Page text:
Wong Kwok Lin v Wong Ho

CourtFamily Court (Hong Kong)
Judgment Date12 August 1981
Subject MatterMatrimonial Causes
Judgement NumberFCMC364/1981





ACTION NO. 364 OF 1981


WONG HO Respondent


Coram: H.H. Judge Bokhary (in Chambers)

Date of Judgment: 12th August, 1981.




1. This case raises for consideration the correct procedure to be followed when the parties to a marriage become reconciled after the service of the petition and the orders as to costs which are generally appropriate in such situations. These are matters of considerable importance as they go not only to the saving of time and money but also to avoiding the creation of the sort of tension which might jeopardise the reconciliation. The present case is one of two cases calling for consideration of these matters which came before me today (the other being the cause the reference to the record whereof is VDJ 364 of 1981). In all the circumstances, I readily accede to Mr. Day's suggestion that I provide some guidance thereon to Solicitors.

2. The relevant facts are within small compass. On February 26. 1981, only one day after the presentation of her petition for divorce, the wife obtained ex parte orders restraining her husband from molesting her or the children of the family, excluding him from the matrimonial home and granting her interim custody of the children.

3. The husband moved out of the matrimonial home in compliance with the ex parte injunction directing him so to do. However, by the time the inter partes application was heard on March 19, 1981, he had moved back in and the wife was content that he remain. All that she wanted was a continuation until trial or further order of the injunction against molestation and the costs of the inter partes application. The husband, who appeared in person, indicated that he had nothing to say. This injunction was continued as asked and the wife was awarded the costs which she sought.

4. Happily, the parties have become reconciled. The wife no longer wants a diverce. On May 11, 1981, following this reconciliation and change of heart, her legal aid certificate was duly discharged.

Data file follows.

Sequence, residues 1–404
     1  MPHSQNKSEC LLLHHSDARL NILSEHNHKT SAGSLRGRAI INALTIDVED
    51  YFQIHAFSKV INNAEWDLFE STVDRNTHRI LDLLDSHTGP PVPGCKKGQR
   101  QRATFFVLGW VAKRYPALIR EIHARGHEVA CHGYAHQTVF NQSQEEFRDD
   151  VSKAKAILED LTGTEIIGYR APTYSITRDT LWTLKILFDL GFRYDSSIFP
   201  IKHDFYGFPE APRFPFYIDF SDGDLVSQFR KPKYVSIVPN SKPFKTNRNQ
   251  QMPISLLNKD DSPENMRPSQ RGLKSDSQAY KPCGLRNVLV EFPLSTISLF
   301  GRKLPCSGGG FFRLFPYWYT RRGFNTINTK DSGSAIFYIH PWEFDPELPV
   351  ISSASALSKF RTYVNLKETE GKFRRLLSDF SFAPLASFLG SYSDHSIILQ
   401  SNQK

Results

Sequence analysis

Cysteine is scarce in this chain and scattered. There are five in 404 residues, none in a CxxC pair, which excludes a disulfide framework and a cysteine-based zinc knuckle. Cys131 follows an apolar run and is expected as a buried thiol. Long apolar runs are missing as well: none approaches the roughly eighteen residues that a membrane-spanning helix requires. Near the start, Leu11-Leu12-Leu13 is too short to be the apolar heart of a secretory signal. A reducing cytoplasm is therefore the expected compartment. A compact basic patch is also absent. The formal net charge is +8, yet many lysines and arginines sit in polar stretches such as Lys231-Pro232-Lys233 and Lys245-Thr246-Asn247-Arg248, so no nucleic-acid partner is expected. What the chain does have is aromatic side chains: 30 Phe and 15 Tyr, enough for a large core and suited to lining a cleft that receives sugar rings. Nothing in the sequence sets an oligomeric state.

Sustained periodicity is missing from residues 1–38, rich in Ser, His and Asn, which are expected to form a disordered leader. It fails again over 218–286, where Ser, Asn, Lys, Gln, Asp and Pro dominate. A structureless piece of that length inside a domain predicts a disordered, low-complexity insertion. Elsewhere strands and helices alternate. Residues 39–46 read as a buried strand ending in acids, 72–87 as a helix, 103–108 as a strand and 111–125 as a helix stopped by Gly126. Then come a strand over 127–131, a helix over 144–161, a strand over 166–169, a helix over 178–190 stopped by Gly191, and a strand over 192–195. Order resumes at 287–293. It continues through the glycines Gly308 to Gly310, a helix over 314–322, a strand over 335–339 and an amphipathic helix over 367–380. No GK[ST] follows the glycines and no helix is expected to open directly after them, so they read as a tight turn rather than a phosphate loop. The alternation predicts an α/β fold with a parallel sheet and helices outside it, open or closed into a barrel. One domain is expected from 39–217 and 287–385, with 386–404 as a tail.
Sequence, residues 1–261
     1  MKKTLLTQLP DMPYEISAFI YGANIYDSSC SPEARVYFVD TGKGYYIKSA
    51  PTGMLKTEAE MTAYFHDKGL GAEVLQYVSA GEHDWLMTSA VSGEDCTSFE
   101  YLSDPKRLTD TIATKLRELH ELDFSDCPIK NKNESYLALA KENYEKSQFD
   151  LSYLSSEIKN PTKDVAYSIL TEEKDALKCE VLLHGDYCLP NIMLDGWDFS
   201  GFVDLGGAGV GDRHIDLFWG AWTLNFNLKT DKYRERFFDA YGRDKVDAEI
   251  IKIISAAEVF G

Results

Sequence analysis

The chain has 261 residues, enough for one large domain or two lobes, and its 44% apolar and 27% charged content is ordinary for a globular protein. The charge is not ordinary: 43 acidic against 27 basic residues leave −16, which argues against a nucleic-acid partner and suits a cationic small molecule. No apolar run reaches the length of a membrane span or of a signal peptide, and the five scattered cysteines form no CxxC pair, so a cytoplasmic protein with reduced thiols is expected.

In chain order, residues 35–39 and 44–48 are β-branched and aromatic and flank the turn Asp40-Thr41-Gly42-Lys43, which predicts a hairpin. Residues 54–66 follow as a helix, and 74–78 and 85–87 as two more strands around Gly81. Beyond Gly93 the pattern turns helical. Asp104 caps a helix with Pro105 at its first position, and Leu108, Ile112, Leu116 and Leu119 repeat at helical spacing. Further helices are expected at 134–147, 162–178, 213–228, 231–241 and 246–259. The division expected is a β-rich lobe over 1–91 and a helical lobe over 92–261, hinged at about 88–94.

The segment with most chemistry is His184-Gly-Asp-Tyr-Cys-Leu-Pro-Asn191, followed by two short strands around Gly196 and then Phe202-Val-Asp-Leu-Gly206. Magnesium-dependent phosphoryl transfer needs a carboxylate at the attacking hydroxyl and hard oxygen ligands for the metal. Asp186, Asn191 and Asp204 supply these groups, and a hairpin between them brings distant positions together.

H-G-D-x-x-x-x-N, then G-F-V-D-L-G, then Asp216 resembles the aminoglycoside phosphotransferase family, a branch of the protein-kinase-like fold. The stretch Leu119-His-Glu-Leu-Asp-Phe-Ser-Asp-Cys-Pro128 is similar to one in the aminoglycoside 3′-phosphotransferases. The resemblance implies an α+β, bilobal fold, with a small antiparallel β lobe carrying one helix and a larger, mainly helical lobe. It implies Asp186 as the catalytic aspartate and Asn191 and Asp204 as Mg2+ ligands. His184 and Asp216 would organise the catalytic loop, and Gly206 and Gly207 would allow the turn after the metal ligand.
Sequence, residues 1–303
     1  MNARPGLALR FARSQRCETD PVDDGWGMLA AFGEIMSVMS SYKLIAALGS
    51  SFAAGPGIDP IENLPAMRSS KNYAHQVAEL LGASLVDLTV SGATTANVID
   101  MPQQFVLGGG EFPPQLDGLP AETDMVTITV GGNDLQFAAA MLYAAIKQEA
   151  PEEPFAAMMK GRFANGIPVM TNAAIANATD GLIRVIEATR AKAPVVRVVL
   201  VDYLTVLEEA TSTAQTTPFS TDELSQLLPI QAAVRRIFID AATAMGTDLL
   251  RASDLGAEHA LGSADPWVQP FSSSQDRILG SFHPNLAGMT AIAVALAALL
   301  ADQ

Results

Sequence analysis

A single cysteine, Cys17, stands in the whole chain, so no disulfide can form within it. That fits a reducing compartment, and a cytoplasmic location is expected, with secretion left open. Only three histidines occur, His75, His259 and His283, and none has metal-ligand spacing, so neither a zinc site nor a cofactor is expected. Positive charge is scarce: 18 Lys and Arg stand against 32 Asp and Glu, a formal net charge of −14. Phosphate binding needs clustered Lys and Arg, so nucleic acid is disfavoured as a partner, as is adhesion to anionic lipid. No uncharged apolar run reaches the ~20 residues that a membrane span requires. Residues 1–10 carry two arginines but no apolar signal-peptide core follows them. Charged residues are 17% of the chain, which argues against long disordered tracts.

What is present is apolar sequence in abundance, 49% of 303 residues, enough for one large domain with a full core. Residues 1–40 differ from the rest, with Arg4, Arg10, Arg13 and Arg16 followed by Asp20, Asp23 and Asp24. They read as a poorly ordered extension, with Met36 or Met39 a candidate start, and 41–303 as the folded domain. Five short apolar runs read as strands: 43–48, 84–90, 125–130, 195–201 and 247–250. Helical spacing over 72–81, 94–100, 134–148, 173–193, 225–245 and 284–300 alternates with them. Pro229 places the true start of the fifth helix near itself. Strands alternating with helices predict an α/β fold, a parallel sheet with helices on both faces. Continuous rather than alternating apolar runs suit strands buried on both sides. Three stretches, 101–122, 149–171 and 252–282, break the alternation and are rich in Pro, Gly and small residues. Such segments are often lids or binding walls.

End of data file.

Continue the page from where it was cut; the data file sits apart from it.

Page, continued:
5. With a view to tying up the loose ends, so to speak, the wife's solicitors took out a summons on July 22, 1981, seeking an order that this cause be discontinued and that the husband be ordered to pay the costs thereof to be taxed (there having been no order as to the same save for the costs of the inter partes application to which I have referred).

6. Despite being duly served with the summons of July 22, 1981, and the Affidavit in support thereof, the husband has failed to appear. However, the very sensible way in which Mr. Day, who appeared for the wife, approached today's application has avoided the difficulties which might have arisen out of such failure.

7. First, I will deal with the application to bring this cause to an end, to use a neutral expression.

8. Ultimately, the fate of a petition for divorce is either to be successful or to be dismissed. A petition which is subject to a stay is, of course, not finally disposed of until it has been dismissed: see 'Rayden on Divorce', 13th edition (1979) at p. 382. Dismissal is also the ultimate fate of an abandoned petition: Ibid. at p. 369. It has long been established that a petition cannot be withdrawn : see Ryder v. Ryder (1861), 30 L.J. (P.M. & A.) 164. This is because once filed, a petition remains upon the file of the Court - and this is so whether it is stayed, abandoned, dismissed or successful: see Brocas v. Brocas (1861), 2 Sw. & Tr. 383. Although petitions which are not prosecuted following a reconciliation are quite often spoken of as having been 'withdrawn' this is technically incorrect : See 13 Halsbury (4th edition) at p. 428, para. 906, where the term is also put within inverted commas.


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